Given the attention it received when it was launched (including from us), the demise of Wikia Search should not go unnoted.
This was the attempt by Jimmy Wales (of Wikipedia fame) to bring a more transparent crowd-sourced approach to internet search. Wales’ complaint was that the “black boxes” of the big search engines are undesirable in the long term: as people come to depend more on search, they deserve a chance to look under the covers at how results are arrived at, and to help influence the rankings. Read more
It’s one of the great conceits of Silicon Valley that the best companies are created in the darkest times.
Google, which is launching its own venture capital fund this morning, is the latest to pay lip service to the idea. This is from the blog post announcing the fund:
If anything, we think the current downturn is an ideal time to invest in nascent companies that have the chance to be the “next big thing”, and we’ll be working hard to find them.”
Google itself, of course, does not fit this picture. It is a baby of the boom times: set up in 1998, in the midst of the dotcom frenzy, and raising its first $25m in venture capital in mid-1999, which was close to the peak of the mother of all venture capital cycles. Read more
The Web 2.0 Expo exposed itself for its third year in San Francisco today.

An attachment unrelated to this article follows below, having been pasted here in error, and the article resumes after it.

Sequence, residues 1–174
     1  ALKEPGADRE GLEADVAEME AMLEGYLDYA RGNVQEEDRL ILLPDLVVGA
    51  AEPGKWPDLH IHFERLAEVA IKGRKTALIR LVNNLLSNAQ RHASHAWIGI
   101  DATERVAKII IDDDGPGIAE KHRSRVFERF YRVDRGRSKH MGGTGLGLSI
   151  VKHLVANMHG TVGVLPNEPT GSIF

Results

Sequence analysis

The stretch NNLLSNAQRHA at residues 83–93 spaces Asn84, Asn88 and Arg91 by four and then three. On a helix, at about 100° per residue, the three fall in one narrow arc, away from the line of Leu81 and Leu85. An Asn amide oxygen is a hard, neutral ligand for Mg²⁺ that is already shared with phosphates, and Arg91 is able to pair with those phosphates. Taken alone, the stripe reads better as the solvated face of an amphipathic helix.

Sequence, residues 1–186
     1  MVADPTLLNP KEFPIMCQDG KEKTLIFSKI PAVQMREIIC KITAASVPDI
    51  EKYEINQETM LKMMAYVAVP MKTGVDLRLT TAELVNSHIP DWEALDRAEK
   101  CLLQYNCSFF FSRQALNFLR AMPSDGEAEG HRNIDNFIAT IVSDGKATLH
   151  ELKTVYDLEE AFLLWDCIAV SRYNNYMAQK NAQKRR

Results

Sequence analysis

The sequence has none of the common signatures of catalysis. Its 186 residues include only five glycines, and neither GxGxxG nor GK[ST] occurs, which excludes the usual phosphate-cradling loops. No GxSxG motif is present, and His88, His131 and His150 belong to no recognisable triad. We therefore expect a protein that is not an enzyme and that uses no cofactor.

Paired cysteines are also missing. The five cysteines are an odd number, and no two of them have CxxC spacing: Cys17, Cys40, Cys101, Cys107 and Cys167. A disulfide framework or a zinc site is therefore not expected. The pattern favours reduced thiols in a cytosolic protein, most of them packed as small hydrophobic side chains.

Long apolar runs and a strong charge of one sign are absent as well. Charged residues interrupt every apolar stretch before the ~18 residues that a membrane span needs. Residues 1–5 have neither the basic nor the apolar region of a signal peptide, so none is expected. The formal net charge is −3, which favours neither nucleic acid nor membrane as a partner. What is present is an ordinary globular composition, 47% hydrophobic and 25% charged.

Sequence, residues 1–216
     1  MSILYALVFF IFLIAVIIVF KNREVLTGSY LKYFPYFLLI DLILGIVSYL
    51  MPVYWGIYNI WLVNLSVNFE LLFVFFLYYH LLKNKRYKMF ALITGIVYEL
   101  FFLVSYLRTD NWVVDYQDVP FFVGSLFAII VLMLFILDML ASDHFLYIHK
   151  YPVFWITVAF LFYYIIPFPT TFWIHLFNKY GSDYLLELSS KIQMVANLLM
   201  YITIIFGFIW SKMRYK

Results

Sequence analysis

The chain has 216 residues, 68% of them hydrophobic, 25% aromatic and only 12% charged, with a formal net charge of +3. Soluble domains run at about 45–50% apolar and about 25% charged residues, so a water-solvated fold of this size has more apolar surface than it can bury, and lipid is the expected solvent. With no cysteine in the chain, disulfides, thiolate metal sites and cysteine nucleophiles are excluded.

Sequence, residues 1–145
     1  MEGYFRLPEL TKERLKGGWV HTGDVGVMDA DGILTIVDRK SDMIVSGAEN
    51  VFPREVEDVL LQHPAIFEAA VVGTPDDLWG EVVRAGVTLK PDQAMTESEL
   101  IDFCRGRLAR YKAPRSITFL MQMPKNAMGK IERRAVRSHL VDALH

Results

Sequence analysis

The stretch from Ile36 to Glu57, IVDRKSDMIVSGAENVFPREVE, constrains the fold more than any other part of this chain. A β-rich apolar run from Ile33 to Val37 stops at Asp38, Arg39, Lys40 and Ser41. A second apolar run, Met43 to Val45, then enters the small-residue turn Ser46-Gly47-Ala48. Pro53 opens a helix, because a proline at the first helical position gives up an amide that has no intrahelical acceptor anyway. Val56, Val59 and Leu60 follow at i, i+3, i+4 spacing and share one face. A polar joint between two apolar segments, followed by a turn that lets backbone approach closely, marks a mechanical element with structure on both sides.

The 2009 theme is the “Power of Less”, which sounds like a clever spin on lean times for the industry. Read more
Pat Gelsinger tagged his Monday blog post “awesome”, although he was probably referring to the Xeon 5500 server processor, formerly known as Nehalem, rather than his own prose.
The head of Intel’s Digital Enterprise Group also used the word “spectacular” several times during his presentation at the launch of the 5500 at Intel headquarters. It was Intel’s best ever piece of engineering, he said, and the most important server product since the Pentium Pro in 1995. Read more
The sight of Microsoft apparently prevailing in patent litigation against a Linux-based software application is bound to send a frisson of fear and loathing through the open source world.
So it was today, with news that a case brought last month against TomTom had been resolved. The Dutch-based navigation maker has agreed to make payments to Microsoft to end a claim that it breached eight patents, while also over the next two years removing functionality from its products related to two of the patents.
TomTom’s devices run on Linux, so the Microsoft lawsuit was seen as a deliberate, if sideways, attack on the open source operating system. Read more